Sporty’s Bret Koebbe—also a contributor to Flying’s Pilot’s Discretion column—first showed us the company’s Learn to Fly course on its new courseware hub in October 2019 at Redbird Migration. With more than 30 courses now collected into one place, the hub demonstrated Sporty’s desire to make training accessible and easy to use for its customers. A year later, the company has driven more user feedback into the hub to increase that user-friendliness to a new level.
Koebbe joined John Zimmerman (vice president of the catalog division and also a Flying contributor) and Eric Radtke (president of Sporty’s Academy) in flying over from Clermont County Airport in Batavia, Ohio, to my home base at the Hagerstown Regional Airport in Maryland. Like most of us, the team is working hard to stay current during COVID times, and they clearly enjoyed the excuse to light up the engines and make a visit—and demonstrate one rock-solid reason why folks learn to fly: to take advantage of general aviation and its ability to connect us in business and in our personal lives.
With Sporty’s first venture into cross-platform apps about five years ago, and last year’s addition of course delivery via Apple TV, RokuTV, and ChromeCast, the team aims to meet pilots-in-training where they most conveniently study. Because the course is tracked through the hub, a pilot can begin studying on a laptop at the (home) office, take in a few sessions on an iOS or Android mobile device while out and about, and finish up with a review piped through their living-room television.
When it was originally deployed, the courses weren’t all optimized for the various platforms on which they were viewed. The latest releases change that, and scale with a swipe between a full-screen version and mobile version in decreasing size all the way down to a smartphone presentation. “It’s responsive to mobile now, and optimized, rather than previous compromises,” said Koebbe. This is important, because these courses aren’t meant to be “one and done” experiences. When a pilot purchases a course, they gain unlimited access to it indefinitely—and can return to it whenever a review is needed, or the pilot wants to view new video and other updates that Sporty’s drives into the courses each year.
Within the private course that Koebbe demonstrated for me, the focus is not on memorization for the knowledge exam—though that’s still a main reason why customers purchase the course. More than 15 hours of HD video comprise the Smart Study Sessions, which also feature review notes, video transcripts, and quizzes—and these are not based on knowledge test prep but on real-world concepts. The quiz questions are linked to the specific point within the video segment where the concept is covered. Maneuvers sessions go through all of those found on the private pilot check ride. Sporty’s Academy students, in fact, are asked to complete the course prior to beginning an accelerated training program. Radtke mentioned that they’d also included a generic pre-solo exam that can be customized for use by flight schools and instructors accessing the courseware.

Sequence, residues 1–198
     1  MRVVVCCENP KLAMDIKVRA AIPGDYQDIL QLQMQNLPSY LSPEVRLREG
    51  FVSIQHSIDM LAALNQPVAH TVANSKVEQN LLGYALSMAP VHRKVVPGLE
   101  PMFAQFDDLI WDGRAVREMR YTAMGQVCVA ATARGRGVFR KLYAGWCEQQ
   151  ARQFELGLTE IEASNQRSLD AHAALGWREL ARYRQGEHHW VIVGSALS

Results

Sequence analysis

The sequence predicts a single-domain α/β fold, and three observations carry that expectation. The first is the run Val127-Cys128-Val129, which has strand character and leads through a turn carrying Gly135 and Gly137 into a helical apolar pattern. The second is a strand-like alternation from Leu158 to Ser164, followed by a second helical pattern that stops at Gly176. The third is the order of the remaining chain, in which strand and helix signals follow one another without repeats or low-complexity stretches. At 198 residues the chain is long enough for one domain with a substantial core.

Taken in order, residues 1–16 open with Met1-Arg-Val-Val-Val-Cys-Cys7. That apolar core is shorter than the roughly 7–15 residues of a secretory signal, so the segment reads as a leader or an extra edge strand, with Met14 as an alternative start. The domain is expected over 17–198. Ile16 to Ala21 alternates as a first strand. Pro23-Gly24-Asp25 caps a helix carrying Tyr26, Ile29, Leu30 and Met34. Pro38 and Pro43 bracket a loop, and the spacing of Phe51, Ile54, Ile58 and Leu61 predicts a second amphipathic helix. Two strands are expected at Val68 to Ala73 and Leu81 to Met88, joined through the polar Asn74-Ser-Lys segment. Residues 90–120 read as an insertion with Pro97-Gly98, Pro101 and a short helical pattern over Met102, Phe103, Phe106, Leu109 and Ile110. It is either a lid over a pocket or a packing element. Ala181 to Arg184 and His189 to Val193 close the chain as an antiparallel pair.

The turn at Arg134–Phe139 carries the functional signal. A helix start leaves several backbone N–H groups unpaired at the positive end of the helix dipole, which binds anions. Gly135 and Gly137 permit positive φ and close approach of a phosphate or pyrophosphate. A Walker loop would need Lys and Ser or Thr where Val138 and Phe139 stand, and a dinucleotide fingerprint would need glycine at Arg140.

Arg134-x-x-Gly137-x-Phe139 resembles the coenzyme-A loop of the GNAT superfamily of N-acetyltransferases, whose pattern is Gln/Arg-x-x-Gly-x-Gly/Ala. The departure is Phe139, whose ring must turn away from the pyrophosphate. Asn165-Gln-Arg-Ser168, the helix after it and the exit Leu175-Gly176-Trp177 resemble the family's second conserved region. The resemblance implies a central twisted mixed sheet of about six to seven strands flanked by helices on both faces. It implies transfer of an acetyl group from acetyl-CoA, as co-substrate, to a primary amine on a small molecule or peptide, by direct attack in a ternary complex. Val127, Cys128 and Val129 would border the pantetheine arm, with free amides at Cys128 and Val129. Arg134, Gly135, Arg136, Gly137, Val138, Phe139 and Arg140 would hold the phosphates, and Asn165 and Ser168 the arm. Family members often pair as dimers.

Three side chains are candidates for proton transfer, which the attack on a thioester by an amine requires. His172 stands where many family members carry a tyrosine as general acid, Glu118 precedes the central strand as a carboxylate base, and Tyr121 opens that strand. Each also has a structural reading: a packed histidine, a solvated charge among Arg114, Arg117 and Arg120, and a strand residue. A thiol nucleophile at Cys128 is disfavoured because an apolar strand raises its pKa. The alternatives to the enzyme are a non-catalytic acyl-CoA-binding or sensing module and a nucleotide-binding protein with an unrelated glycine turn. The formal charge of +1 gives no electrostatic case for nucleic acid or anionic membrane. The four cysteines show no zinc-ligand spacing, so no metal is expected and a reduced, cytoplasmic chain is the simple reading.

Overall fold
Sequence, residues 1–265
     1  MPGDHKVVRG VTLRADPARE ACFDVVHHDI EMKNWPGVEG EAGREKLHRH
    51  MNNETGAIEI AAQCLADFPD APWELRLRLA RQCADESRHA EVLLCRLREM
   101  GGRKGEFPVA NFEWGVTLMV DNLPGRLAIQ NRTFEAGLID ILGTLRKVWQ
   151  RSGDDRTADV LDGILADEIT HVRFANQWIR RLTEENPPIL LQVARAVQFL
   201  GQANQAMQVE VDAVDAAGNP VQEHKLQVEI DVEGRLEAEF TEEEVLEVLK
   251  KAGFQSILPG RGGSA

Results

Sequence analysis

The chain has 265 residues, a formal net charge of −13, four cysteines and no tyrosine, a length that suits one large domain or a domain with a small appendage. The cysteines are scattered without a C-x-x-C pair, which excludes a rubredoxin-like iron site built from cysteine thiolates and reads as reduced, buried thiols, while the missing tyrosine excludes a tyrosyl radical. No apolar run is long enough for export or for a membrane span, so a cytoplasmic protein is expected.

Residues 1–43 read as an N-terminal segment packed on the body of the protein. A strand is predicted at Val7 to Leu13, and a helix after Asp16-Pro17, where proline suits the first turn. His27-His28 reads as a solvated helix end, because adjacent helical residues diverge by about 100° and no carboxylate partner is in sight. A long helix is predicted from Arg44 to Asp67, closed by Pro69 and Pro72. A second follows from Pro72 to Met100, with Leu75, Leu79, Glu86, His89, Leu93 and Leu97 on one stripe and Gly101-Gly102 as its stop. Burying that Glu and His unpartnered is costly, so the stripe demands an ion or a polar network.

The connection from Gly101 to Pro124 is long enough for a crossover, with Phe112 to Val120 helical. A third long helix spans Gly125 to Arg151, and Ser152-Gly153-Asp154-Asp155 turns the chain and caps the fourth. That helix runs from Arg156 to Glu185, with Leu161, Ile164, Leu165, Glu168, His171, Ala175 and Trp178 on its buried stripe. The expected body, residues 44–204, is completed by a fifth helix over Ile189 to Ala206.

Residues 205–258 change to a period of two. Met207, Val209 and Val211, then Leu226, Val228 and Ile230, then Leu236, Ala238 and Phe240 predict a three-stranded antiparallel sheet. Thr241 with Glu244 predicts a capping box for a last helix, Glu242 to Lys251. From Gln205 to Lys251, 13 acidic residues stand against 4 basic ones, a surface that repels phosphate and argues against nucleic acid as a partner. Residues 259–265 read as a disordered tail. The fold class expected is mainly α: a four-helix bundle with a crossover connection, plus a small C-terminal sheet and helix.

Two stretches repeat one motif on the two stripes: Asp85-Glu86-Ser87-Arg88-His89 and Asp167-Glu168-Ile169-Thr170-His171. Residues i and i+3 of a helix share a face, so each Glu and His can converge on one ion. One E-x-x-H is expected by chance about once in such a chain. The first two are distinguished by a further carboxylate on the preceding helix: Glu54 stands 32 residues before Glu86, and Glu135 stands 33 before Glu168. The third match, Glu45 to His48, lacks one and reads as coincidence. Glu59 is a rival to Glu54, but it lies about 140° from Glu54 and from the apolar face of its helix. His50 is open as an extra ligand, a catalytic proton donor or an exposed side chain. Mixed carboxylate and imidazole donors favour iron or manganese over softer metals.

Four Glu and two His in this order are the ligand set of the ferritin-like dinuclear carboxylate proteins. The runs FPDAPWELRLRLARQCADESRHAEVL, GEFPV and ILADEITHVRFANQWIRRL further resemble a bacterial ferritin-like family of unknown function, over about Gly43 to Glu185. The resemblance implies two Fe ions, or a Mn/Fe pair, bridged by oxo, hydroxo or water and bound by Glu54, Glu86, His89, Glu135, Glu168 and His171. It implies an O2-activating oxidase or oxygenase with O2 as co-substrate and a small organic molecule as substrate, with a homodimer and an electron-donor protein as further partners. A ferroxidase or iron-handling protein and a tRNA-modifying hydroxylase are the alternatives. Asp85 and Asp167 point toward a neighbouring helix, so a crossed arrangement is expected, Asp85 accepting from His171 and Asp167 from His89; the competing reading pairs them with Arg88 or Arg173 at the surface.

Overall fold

For knowledge test preparation, the course features a number of ways to work through the questions—by category, randomized, or by your prior strengths and weaknesses on previous practice tests. A new study session feature uses a flashcard mode to move through the 1,000-plus questions in the Sporty’s test bank. They’ve generated their own questions through interviewing students following knowledge exams, as well as designated pilot examiners and flight instructors. The airmen certification standards are cross-referenced throughout, so that users are exposed to the criteria they’ll need to meet on the check ride from the early stages of their training.
Other features incorporate flight simulation sessions—tied in with flight lessons in the syllabus and including keyboard shortcuts and settings for each plus performance goals —and a nod to the modern tools most pilots will use when flying after gaining a certificate. Zimmerman noted that they’d figured out that you can use ForeFlight in airplane mode to simulate the traditional paper-chart-and-pencil cross-country flight planning method. “We know we’re not the first to figure this out,” he said, but it shows how they are striving to balance what has been done for decades with real-world flying today. Integration with CloudAhoy allows for the course to be used as a debriefing tool, and pilots can upload docs to the hub for building a convenient library. ForeFlight users can export endorsements from the courses directly into their logbooks.
At $249 for unlimited access to the private course and all of the tools above—with more to come—the latest programs on the learn-to-fly hub from Sporty’s offer a compelling and complete solution.